How To Travel The Morrison Jeep Trail In WY
Located in Park County, in the U.S. state of Wyoming, the challenging Morrison Jeep Trail is a very rough drive. It's a challenging ride because of the combination of altitude and terrain. It is not for the timid or people in poor condition.
How long is Morrison Jeep Trail?
Tucked away within the Shoshone National Forest, Morrison Jeep Trail (Forest Road 120) is 35km (22 miles) long running from Clarks Fork River valley to the Beartooth Plateau. It’s an extremely dangerous, narrow, single-lane trail with no turn-offs.
Is Morrison Jeep Trail difficult?
The road is extremely challenging with heavy rocks and deep ruts and high clearance vehicles with 4WD are the only vehicles that should be attempting this trail. The road, is known for its 27 tight switchbacks that make up the ascent from the Clarks Fork River to the top of Beartooth Plateau, with a drop-off of a few hundred feet on one side. The turns are really bad, narrow and steep. The switchbacks are even steeper than they look. The grade in some areas is as steep as 25 degrees.
How long does it take to ride on Morrison Jeep Trail?
Located northwest of Cody and southwest of Billings, the road is very difficult, so plan about 7 hours to complete the drive. There are lots of single-track trails cutting off from the main route, but make sure you have a map and know where you're going before wandering off too far. The trail wanders twenty-some miles across the Beartooth Plateau, one of the most remote places of the state. Moose, bear (both black and grizzly), mountain goats and bobcats inhabit the area. There’s no cell service, and there’s a good chance no one will be passing by to help, should your ride break down.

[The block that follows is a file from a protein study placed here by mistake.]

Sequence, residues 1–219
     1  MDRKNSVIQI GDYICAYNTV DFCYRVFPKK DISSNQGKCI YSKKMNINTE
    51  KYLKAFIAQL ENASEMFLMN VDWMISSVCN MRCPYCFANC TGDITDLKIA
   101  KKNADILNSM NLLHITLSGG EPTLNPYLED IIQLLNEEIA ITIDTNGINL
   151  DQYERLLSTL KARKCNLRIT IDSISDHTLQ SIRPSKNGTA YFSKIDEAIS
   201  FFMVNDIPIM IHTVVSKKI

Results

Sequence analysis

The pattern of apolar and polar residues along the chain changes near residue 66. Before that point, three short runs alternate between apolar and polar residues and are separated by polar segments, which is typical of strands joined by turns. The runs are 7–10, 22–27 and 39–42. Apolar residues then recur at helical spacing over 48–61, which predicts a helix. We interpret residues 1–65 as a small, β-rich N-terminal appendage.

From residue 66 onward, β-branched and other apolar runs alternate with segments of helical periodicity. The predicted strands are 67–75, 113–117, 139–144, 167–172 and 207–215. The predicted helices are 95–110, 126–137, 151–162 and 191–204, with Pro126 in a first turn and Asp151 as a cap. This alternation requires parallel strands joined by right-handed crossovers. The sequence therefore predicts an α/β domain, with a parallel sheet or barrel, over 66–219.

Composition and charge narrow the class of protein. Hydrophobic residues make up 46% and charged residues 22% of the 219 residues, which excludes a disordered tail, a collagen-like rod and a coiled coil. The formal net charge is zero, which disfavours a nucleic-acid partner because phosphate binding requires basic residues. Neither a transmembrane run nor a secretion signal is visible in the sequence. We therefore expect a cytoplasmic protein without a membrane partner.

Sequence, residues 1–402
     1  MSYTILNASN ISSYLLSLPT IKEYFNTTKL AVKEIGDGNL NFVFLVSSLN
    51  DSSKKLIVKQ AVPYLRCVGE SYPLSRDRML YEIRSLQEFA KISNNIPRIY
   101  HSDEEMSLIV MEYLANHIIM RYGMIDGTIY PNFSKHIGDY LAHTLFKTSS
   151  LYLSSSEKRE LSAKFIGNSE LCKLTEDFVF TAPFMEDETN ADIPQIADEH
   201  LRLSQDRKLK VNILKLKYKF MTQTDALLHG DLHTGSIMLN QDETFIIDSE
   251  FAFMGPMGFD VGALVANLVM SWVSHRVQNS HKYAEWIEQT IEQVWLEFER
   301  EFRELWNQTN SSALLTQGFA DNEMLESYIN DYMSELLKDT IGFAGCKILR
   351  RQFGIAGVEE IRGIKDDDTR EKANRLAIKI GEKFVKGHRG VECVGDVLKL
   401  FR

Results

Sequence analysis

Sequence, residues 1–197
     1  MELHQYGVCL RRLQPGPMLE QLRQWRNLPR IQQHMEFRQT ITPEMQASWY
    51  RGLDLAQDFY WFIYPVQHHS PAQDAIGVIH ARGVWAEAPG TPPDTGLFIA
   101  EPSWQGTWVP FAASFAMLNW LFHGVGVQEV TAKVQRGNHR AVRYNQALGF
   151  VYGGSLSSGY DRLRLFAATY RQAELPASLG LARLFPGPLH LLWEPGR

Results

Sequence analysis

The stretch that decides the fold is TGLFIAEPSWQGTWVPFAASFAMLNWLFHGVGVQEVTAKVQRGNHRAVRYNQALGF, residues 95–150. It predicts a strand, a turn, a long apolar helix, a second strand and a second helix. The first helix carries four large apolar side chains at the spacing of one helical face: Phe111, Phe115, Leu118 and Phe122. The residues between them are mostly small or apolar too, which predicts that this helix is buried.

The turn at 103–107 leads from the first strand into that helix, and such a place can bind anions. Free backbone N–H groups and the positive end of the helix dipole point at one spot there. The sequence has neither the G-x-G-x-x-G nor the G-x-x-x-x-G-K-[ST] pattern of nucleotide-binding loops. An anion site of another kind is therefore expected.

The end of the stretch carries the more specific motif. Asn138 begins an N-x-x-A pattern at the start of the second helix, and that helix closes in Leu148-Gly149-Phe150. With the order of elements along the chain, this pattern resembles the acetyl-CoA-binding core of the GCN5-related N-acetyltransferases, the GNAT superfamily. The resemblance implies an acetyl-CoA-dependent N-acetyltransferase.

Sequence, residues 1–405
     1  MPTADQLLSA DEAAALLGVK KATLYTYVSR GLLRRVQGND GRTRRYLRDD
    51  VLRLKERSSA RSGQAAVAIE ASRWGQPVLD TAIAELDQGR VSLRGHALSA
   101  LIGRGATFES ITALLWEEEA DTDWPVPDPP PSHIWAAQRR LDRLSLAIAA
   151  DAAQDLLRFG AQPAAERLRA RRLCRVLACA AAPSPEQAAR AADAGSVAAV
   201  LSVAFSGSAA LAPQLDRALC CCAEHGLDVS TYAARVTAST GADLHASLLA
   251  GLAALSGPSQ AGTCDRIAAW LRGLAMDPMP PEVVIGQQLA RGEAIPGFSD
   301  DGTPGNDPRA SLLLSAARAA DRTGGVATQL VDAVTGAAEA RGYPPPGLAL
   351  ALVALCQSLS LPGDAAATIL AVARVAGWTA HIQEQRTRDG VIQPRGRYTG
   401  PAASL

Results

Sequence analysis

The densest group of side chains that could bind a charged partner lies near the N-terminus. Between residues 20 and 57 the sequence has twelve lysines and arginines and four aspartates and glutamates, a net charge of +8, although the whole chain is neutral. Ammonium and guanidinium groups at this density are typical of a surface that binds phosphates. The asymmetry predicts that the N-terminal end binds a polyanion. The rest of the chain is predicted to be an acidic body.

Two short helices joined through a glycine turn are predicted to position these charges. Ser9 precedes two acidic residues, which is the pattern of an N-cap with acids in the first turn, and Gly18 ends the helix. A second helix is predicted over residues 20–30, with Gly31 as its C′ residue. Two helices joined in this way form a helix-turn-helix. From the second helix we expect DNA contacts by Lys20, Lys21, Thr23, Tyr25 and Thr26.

When Morisson Jeep Trail opens?
The road tops out at 3.107m (10,193ft) above the sea level so it is usually impassable from late October through late June or early July (depending on snow). It's not recommended to drive this road when it's wet, muddy, or slippery. There are a couple very technical and rocky climbs and a handful of grinders that are long and straight but this is where you cross the 10,000 ft mark so the oxygen is limited.
Pic: Brandon M
To use information contained on this site is to do so at your own risk. dangerousroads.org is not responsible for the information contained in these pages. The website is for information purposes only and we assume no liability for decisions made as a result of the information provided here. You are still completely responsible for your decisions, your actions, and your safety.